Causes & Mechanisms

It’s important to remember what’s normal. Normal people, children and adults, DON’T get up to go to the toilet at night. They urinate before retiring, then hold their urine in until awakening in the morning – at which point they usually need to “relieve themselves” first thing. No one really knows for sure what causes bedwetting to persist beyond age 6, but generally there are three factors felt to contribute to differing degrees in different children.

By far the most prevalent is DEEP SLEEP. Many mothers of enuretics will describe a child who sleeps so soundly they can go in and vacuum the bedroom without waking them up! Theoretically, this leads to bedwetting through the failure to generalize learning to the sleeping state. As we “toilet train”, we gradually “learn” to hold in our urine when it’s not an appropriate time to go– at the dinner table, in the car, on the swingset, i.e. whenever we’re not at the toilet. Eventually our brain “generalizes” this knowledge, and applies it in the sleeping state as well. Most of us have enough “brain activity” even in the sleeping state to accomplish this, but some children don’t.

A second factor which often contributes to bedwetting is a SMALL BLADDER. If your bladder capacity is low, then it’s obviously more difficult to “hold it in” till morning. Bladder capacity can be measured by having a child drink a lot, and try to hold it in. When they can stand it no longer, have them urinate in a measuring cup. Normal capacity is about 10cc per kilogram of body weight, or about 1½ ounces for every 10 pounds. If a child is found to have a capacity more that 20% below this, that is considered abnormal and is likely to be playing a role. In such cases, “bladder stretching exercises” may help -although they usually work best as part of a larger behavioral treatment regimen (see below).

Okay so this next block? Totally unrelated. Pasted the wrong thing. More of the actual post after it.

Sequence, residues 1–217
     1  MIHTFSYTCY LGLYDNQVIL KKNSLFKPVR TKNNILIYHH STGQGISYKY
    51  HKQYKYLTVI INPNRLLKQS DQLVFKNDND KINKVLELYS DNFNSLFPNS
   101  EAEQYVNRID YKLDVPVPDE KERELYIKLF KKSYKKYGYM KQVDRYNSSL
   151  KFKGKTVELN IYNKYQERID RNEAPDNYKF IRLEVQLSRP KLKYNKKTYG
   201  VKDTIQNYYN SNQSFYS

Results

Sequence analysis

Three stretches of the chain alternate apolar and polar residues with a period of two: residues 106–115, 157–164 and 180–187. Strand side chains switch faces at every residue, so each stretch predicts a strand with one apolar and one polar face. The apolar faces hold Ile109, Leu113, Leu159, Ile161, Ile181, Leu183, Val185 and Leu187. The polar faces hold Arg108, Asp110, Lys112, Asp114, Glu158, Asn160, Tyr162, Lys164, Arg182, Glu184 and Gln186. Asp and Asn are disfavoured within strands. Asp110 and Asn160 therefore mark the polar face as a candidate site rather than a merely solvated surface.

Finally, the least common but still very important (and distinctive) contributing factor is BLADDER SPASTICITY. The bladder is a sack-like smooth muscle, and is under “involuntary control”. It starts to contract or “squeeze” in response to stretch, which essentially is a function of how full the bladder is. If unopposed, this contraction would lead to voiding immediately. However, this is resisted by the urinary sphincter, a ring-like muscle under semi-voluntary control at the bladder outlet which, when contracted, blocks the exit. In most people, all the muscle fibers of the bladder start to contract in unison, in a coordinated fashion, when stretched to a certain point. If they meet with resistance (a closed sphincter) after a few minutes they all “give up”, or relax, again in unison. After some time, when stretched a bit further they “try again”, and the process repeats itself until the person relaxes the sphincter and allows the bladder to empty. This is experienced consciously as an “urge” to urinate which come and goes over time. However, in some children the smooth muscle fibers of the bladder fail to act in unison. Once a certain level of fullness or stretch is reached, some but not all of the fibers start to contract. By the time these fibers relax, others are contracting. There is no coordination. As time goes on, the percentage of fibers contracting at any one moment increases. This is experienced by the child as an urge to go which, once it starts, never subsides. It just grows and grows until they give in to it. Therefore, these children tend to consider the urge irresistible. At night they wet the bed, but during the day it’s still easy to tell who they are. They are the one’s whose parents pull over into the breakdown lane to let them go, rather than telling them to wait until they get to their destination or the next rest area.